West Indies secured victory over Australia for the first time in women’s ODI history in Mumbai, ensuring that the two teams will meet again in the final on Sunday.
England needed an Australian win, coupled with victory against New Zealand, to progress, and things were looking good after Australia reached 130 for four by the 38th over in pursuit of 165.
But three wickets then fell with only one run scored and late run outs saw Australia fall eight runs shy.
It was the result England did not want, with Super Six defeats to Sri Lanka and Australia ultimately proving costly for Charlotte Edwards’s defending champions.
England went on to beat New Zealand by 15 runs at the Brabourne Stadium.
Half-centuries from Edwards and Sarah Taylor helped England post an imposing 266 for six, and although Amy Satterthwaite smashed a century for New Zealand, they fell short of their target on 251 for nine.
Edwards blamed inconsistency for her side's downfall.
"Halfway through the game we got that (Australia) result, but it was about putting in a professional performance and the girls certainly did that," Edwards said.
"I'm very proud of the way we've ended this match, but obviously bitterly disappointed in the grander scheme of things. It's our own fault. Inconsistency at the front of the tournament has cost us and we're probably playing our best cricket now.
"For the last two weeks it's been a rollercoaster for this team and we've dealt with it brilliantly. It's just disappointing that it's all ended but I'm very proud of the England dressing room right now. It's always a good contest between us and the Kiwis so we'll come back Friday, there's third place to play for and we'll all be looking for that."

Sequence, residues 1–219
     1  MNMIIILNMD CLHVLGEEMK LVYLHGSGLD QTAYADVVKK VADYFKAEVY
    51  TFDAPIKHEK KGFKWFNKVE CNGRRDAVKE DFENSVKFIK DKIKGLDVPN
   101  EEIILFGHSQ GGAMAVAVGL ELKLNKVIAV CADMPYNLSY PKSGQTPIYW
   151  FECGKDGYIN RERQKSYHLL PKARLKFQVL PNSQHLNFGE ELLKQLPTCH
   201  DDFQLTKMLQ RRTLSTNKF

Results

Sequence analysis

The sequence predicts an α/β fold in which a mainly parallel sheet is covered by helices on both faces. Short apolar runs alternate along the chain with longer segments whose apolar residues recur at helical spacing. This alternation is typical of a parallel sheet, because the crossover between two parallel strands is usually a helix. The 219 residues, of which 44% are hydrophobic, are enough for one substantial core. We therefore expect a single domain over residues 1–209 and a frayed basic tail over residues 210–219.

Edwards and Danielle Wyatt (26) made a confident start with the bat for England until the stand was broken on 59, with the latter falling to a superb diving catch from Nicola Browne. Taylor began to put together an entertaining innings but news then filtered through of Australia's defeat and the atmosphere quickly fell flat.
Edwards tried her best to lift things, passing her half-century with an eighth boundary, but the captain's stay was ended on 54 by Browne. Taylor's luck finally ran out when, on 88, she succumbed to another delivery from Bates with Browne again showing safe hands.
Laura Marsh, Arran Brindle and Lydia Greenway soon followed but late cameos from Heather Knight (28 not out) and Jenny Gunn (23no) saw England through to the end.
New Zealand lost Lucy Doolan early on, but a second-wicket partnership quickly blossomed between Suzie Bates and Satterthwaite. Gunn eventually broke the partnership on 134, bowling Bates for 79, and the dismissal of Sophie Devine (17) followed, but Satterthwaite reached her second ODI century, from 120 balls, with another boundary.
However, the runs began to dry up when her stint was ended on 103 by Wyatt in the next over, and England - helped by Holly Colvin's three for 48 - claimed the next five wickets for just 23 to wrap up the win.
West Indies top the Super Six standings, level on points with Australia on eight.